With having these developmental programs implemented, it creates a pipeline in which players can continue to grow in the game of baseball, bridging the gap between national teams. They remain engaged with the USA Baseball community, and prepare for the chance to compete for a spot on a future national team.

One great example of the opportunity this pipeline provides is two-time alumnus Jack McKernan. The left-handed pitcher and outfielder was a part of the 2019 12U National Team and the 2022 15U National Team which won gold at the WBSC U-15 Baseball World Cup in Mexico.

“Any time you can wear the U-S-A letters across your chest, it’s just unbelievable,” McKernan stated. “Going to Mexico and winning gold, especially with all my guys, was an incredible experience. Winning gold on international soil is an amazing feeling.”

In between his national team stints, he attended the 2021 ADP. He credits his experience in Cary as a catalyst for preparing him to compete with the 15U National Team and bring home a gold medal.

“Being able to develop under coach Troy Tulowitzki (2021 ADP hitting coordinator), was an amazing experience,” McKernan said. “He, along with all of the coaches there, had so much knowledge to give. It really helped me to develop into a pitcher and learn the ins and outs of the game.”

This summer, the Missouri City, Texas, native continued his USA Baseball involvement by returning to Cary to attend the NTDP and earning an invitation to the 18U National Team Training Camp later this month. At Training Camp, he will compete for a spot on the final 20-man roster which will travel to Taiwan next month for the WBSC U-18 Baseball World Cup.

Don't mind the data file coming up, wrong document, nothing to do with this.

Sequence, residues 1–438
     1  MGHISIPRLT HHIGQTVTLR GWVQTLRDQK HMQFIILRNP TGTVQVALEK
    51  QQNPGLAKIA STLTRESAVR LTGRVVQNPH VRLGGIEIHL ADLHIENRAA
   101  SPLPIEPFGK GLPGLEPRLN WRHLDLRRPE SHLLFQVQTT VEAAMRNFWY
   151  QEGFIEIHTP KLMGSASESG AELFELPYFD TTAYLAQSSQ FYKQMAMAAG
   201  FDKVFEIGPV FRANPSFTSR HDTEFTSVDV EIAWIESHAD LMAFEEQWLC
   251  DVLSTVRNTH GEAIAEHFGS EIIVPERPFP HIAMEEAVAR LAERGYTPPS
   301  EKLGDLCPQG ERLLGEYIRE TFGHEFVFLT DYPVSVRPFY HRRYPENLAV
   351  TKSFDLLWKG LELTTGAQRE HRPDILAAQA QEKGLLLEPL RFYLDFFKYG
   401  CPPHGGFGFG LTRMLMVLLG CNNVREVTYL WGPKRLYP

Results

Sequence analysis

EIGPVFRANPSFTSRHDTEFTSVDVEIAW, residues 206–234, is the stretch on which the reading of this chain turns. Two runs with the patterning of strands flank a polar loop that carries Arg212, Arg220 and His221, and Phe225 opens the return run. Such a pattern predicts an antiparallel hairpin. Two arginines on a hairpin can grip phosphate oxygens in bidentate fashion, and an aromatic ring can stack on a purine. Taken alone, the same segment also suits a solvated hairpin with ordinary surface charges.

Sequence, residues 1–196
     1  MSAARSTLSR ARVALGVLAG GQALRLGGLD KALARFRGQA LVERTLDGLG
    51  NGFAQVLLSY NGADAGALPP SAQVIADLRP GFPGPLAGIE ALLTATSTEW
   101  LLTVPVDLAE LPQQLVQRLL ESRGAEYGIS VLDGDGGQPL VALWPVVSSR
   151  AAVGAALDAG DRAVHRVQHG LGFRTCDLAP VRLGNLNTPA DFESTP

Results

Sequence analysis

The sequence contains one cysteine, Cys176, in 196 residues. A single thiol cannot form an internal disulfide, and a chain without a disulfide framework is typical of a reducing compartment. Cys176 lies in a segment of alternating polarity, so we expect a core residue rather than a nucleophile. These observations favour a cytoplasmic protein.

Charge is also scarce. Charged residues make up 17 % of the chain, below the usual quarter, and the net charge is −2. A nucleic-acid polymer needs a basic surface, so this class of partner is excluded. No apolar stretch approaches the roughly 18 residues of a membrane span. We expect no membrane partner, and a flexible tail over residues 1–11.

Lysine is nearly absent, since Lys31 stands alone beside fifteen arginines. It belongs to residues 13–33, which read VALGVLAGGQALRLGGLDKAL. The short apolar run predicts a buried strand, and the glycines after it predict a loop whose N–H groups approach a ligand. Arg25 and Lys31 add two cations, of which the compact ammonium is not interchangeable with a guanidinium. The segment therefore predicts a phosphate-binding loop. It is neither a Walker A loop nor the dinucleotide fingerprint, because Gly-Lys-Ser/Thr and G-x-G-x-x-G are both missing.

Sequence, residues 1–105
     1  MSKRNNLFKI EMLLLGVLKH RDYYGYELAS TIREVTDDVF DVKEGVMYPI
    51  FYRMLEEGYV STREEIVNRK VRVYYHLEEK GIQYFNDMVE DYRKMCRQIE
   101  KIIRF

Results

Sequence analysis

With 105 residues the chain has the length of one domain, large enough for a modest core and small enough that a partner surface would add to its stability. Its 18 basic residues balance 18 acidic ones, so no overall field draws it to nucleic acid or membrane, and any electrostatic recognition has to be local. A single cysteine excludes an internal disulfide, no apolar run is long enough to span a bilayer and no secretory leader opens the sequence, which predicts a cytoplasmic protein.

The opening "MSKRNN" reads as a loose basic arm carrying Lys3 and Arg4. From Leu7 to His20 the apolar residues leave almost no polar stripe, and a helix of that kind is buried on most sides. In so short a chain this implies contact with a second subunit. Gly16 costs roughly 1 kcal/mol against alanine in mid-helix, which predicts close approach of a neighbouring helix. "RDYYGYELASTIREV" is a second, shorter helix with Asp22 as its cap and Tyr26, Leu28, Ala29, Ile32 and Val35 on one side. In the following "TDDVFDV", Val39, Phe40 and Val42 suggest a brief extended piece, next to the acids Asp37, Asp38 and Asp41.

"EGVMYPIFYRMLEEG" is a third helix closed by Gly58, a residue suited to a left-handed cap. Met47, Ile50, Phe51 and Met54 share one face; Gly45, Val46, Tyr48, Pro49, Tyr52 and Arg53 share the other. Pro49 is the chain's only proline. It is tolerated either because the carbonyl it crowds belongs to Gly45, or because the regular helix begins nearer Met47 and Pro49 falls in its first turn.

“It’s amazing to be able to compete against the best kids in your class and really see where you stack up,” McKernan explained. “There’s a bunch of different people there to get eyes on everyone, and it's always great any time you get the chance to get to compete at the National Training Complex.”

The experience of being a part of a USA Baseball developmental program is invaluable to a player’s career. Once they get the exposure to everything that is provided, from the instruction on and off the field to the relationship-building opportunities, it becomes something that they carry with them as they continue on their journey to representing Team USA.

“The programs really bridge the gap between the national teams,” McKernan said. “You get to develop and be ready for the next year when you have the chance to be selected for Team USA.”

“You can’t get the experience of international play unless you go through the USA Baseball process,” Penny added. “It’s so much fun and everything is on the line, every game. As far as baseball goes, in my opinion, there is no better experience.”